The long term goal is for diets to become more nutritionally diversified as combinations of foods have interactions and benefits beyond supplying single micronutrients. Reviving the importance of locally available nutrient-dense foods such as fruits, vegetables, and beans and pulses within food systems and ensuring greater market access are key strategies to achieve a more diversified diet. This can be accomplished through supportive policies at national level and locally developed solutions, including integrated homestead food production and greater integration of locally available nutrient-dense foods into market systems that can reach urban consumers. Diversification strategies that include nutrition education components, understand the local context, and work directly with women farmers have been some of the more successful approaches.
Biofortified crops present a huge opportunity to provide basic missing nutrients, but also to educate consumers about the benefits of a diverse diet and to promote other locally available nutritious crops. Such efforts are already being deployed at scale in countries such as Uganda, where the promotion of vitamin A orange sweet potato (OSP) and iron beans is accompanied with nutrition education on other good sources of these micronutrients in the local diet. When caregivers are educated on the benefits of nutrients, they are willing to incorporate food sources for those nutrients into their diets. For example, in the case of vitamin A, that means swapping white sweet potato for OSP, but also eating vitamin A-rich foods such as mangoes when they are in season or leafy green vegetables and certain animal source foods when available through local production or purchase. This example illustrates how biofortified foods can be an important component of a holistic approach to dietary diversity: a food-based solution using sustainable locally produced foods to help individuals come closer to meeting their nutritional requirements.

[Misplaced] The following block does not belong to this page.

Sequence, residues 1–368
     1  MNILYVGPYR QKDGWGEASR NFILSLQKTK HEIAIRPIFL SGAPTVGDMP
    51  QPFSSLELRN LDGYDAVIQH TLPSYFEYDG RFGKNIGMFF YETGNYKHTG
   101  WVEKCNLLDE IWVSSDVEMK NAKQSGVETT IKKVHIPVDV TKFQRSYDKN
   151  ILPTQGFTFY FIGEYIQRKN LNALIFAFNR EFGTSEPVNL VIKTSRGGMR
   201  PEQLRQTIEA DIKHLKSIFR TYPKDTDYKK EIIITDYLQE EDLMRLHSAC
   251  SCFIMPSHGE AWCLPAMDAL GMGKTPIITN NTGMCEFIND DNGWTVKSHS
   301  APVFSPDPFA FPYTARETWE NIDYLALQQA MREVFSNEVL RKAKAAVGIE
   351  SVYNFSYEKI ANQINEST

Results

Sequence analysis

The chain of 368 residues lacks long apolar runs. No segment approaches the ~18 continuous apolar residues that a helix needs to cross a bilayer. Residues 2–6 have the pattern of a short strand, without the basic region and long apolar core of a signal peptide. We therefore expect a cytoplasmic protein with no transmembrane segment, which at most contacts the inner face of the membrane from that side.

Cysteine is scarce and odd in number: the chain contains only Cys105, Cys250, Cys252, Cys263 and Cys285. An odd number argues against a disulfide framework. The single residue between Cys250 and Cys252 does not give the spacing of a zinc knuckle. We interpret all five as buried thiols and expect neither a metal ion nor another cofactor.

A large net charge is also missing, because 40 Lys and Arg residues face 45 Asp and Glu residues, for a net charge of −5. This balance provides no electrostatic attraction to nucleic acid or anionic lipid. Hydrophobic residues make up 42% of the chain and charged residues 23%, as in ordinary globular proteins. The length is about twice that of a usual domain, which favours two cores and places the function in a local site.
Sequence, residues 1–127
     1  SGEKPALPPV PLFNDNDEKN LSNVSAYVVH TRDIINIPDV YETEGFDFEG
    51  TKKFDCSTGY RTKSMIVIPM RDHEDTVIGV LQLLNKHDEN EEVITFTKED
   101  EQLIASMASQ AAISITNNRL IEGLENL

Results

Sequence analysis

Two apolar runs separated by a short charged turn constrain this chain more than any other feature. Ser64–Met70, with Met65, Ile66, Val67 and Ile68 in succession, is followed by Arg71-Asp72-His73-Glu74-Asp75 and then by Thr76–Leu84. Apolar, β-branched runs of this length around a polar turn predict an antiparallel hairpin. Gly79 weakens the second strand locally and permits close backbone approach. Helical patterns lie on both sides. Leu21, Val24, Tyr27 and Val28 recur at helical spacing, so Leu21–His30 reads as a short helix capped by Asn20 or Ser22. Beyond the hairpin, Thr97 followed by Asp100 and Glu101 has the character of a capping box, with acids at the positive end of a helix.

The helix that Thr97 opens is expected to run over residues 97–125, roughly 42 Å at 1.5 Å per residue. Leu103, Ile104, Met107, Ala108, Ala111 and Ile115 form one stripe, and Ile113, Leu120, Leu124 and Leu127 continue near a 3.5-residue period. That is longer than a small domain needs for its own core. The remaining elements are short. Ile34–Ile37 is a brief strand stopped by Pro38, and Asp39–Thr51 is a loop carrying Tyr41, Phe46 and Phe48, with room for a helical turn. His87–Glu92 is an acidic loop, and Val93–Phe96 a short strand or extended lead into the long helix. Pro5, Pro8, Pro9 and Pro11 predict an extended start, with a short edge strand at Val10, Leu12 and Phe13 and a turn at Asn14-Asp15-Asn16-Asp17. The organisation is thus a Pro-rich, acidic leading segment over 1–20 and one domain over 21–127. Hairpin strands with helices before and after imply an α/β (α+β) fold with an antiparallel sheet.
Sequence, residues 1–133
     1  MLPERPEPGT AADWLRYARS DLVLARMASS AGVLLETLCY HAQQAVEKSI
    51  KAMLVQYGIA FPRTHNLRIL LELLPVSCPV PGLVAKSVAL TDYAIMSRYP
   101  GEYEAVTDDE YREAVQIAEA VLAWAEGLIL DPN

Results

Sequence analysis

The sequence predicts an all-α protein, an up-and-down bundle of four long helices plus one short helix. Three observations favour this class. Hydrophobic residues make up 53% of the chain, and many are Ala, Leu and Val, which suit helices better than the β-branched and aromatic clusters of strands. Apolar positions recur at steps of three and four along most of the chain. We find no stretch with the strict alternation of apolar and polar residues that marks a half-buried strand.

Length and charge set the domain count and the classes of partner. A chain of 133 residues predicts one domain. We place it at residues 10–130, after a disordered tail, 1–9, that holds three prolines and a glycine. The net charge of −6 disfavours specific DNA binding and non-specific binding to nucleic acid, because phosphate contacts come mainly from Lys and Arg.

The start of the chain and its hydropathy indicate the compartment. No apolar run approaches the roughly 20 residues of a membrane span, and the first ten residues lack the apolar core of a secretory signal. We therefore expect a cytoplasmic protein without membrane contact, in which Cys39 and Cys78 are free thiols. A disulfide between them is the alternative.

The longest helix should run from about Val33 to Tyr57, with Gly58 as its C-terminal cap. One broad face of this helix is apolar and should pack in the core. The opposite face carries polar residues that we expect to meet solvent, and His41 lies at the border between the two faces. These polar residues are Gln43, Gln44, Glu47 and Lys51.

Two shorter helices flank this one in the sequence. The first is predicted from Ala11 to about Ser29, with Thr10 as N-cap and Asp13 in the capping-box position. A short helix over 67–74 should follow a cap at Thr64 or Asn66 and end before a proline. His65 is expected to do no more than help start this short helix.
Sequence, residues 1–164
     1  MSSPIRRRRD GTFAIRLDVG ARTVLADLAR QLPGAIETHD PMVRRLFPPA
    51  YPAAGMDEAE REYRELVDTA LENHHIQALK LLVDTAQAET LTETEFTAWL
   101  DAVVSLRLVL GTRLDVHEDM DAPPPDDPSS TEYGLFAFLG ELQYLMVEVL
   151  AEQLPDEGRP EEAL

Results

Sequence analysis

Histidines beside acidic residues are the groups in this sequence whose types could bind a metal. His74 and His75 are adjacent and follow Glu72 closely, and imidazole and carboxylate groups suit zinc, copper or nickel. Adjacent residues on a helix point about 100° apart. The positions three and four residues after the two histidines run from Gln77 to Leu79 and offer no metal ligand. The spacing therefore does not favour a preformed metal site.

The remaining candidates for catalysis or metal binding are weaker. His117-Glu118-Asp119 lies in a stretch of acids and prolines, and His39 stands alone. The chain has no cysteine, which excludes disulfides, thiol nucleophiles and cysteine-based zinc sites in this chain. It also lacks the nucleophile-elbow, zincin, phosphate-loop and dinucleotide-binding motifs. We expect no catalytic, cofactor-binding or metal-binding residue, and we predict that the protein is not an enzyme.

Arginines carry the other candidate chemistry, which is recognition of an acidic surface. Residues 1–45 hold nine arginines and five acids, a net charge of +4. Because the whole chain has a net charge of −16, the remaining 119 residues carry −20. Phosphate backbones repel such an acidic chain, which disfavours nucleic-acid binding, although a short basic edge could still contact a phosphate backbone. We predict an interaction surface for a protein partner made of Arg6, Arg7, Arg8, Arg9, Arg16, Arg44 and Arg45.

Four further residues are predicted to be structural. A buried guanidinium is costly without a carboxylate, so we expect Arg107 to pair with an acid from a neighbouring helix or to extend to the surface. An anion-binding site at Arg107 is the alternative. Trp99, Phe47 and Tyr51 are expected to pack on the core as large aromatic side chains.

Researchers have started to analyze how biofortification can contribute to dietary diversification through a food basket approach where a variety of biofortified foods can be combined with other locally available foods to maximize their respective benefits. This evidence can help shape policies and programs in order to combine biofortification and dietary diversification into a more unified strategy. Biofortified crops will also be introduced into dietary diversification interventions to figure out which approaches and context-specific set of activities yield the best results in the field. Biofortification should not be seen as a rival or even a complement to dietary diversification, but as an integral component of food-based solutions to improve nutrition and public health by providing people with an array of healthier food choices.
This post was originally published on the HarvestPlus website. For more information click here